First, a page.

Just as too many cooks in the kitchen can spoil the soup, too many lobbyists on Capitol Hill can turn a piece of legislation into a convoluted casserole of random additions and amendments. But despite the recent efforts of a small-but-powerful group of physician advocates, a proposed two-year ICD-10 delay did not get baked into the $157 billion Departments of Labor-Health and Human Services-Education spending bill that Congress passed on December 11.

This was a huge win for the pro-ICD-10 camp, which includes the American Health Information Management Association (AHIMA), national and regional hospital associations, physician groups, and numerous healthcare companies and organizations. Still, there is a lingering concern among these stakeholders that the October 1, 2015, ICD-10 implementation date is no sure thing. After all, the previous go-live date of October 1, 2014, didn’t get the kibosh until this past March, when lawmakers slipped language ordering a one-year delay into HR 4302—more commonly known as the Sustainable Growth Rate (SGR) fix bill.

So, assuming that Congress whips up another batch of SGR legislation this coming spring—as it has done for 17 consecutive years—the question at hand is: will history repeat itself? Will Congress mix an ICD-10 delay into the annual fix bill yet again? Only time will tell—and a lot could happen between now and March 31, especially with a new crop of congresspeople descending upon Washington in January.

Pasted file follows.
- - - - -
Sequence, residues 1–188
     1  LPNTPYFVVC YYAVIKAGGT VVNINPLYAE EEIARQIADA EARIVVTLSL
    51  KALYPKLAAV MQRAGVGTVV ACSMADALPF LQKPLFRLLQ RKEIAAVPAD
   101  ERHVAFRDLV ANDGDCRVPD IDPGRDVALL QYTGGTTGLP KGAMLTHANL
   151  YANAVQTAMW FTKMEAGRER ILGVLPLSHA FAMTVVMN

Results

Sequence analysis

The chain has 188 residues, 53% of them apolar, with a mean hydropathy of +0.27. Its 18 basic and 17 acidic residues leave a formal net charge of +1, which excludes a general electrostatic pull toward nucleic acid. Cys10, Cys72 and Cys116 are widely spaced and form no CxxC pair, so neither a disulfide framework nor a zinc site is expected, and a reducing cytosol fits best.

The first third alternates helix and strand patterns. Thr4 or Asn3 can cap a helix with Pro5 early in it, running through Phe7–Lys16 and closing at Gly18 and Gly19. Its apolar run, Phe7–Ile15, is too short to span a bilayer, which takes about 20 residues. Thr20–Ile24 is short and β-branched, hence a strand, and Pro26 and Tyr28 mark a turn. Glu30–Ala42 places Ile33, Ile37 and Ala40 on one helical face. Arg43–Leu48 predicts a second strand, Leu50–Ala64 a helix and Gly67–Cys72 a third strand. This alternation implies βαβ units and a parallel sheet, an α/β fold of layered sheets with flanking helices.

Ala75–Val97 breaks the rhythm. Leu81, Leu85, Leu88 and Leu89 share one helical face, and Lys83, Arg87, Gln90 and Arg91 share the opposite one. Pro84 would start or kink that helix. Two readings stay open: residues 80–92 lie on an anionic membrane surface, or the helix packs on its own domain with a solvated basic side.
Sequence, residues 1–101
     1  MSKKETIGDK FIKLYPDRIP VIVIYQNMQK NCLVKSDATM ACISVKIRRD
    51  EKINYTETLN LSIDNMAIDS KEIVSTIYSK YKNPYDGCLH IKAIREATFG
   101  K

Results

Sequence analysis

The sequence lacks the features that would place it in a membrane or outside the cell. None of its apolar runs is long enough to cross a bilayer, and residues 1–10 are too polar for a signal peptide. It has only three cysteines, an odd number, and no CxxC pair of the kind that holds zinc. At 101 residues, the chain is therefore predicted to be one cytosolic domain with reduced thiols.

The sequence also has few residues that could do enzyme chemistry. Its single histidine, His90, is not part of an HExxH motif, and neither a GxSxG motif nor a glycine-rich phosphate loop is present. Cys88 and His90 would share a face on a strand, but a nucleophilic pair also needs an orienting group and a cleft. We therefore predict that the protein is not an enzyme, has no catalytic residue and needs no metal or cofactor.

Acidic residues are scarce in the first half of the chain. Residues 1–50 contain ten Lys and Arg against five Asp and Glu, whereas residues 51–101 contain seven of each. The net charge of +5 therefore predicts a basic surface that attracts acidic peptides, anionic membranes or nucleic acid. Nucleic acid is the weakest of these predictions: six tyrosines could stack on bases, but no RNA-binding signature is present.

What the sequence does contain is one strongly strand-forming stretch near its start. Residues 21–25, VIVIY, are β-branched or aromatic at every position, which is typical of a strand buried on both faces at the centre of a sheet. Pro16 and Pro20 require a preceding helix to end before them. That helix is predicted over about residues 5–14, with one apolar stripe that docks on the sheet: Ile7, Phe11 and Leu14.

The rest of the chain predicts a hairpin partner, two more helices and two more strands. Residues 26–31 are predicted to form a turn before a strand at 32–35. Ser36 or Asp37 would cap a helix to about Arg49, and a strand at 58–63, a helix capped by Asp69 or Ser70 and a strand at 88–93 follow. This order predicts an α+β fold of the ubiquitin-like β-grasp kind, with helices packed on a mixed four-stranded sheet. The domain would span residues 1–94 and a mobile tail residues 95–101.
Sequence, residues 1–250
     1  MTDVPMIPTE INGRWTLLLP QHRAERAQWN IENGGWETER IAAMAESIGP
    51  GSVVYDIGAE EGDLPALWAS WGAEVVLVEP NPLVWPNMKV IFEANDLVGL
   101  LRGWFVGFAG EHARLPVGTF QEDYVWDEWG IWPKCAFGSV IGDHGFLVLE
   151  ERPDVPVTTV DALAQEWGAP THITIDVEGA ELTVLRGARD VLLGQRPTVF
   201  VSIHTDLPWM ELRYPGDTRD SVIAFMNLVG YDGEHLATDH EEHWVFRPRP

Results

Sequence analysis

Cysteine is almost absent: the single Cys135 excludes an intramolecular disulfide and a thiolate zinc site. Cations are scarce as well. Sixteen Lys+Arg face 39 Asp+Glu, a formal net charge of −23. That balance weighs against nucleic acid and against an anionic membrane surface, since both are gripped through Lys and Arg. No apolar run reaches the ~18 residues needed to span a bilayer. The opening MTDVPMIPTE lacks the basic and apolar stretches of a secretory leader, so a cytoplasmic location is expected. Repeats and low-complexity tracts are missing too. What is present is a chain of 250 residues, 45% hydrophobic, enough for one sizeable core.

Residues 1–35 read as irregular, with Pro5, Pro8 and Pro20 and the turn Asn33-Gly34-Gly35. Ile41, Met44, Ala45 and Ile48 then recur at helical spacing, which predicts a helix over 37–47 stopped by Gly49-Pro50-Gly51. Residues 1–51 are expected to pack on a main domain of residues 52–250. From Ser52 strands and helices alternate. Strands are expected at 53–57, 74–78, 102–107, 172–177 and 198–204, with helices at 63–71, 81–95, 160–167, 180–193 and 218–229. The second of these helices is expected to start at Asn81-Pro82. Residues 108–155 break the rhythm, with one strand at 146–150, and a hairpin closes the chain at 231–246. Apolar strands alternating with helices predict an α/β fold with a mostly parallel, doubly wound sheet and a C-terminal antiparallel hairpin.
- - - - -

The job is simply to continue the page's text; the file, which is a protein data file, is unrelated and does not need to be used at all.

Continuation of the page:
But even if those opposed to the ICD-10 transition attempt to pull the same maneuver in 2015, experts say their efforts likely will be in vain. As Chuck Buck, the publisher of ICD10monitor, writes in this blog post, “…it will be hard to convince members of Congress that more time is needed. If Congress didn’t see the need to enact a delay in December, why would they be convinced to delay months later in March?”

Perhaps one of the biggest motivators for Congress to make sure the transition happens in 2015: the financial implications of another delay. Many healthcare organizations have already invested millions of dollars into providing ICD-10 training for their staff and upgrading their technology and business operations to accommodate the new code set. And with a two-year delay, those organizations likely would have to redo much of that costly prep work. “The U.S. Department of Health and Human Services (HHS) estimates that the cost to delay the implementation could potentially reach $6.8 billion,” Buck continues in his post. Plus, the cost of another delay isn’t limited to that astronomical price tag; putting the ICD-10 implementation on the backburner for two more years would introduce yet another barrier to providing the best, most cost-effective patient care possible.

At this point, it’s too early to say for sure that the ICD-10 switch will happen in October. However, one thing is certain: another delay would be tough to swallow, and it would leave a lot of people in the healthcare industry with a bad taste in their mouths.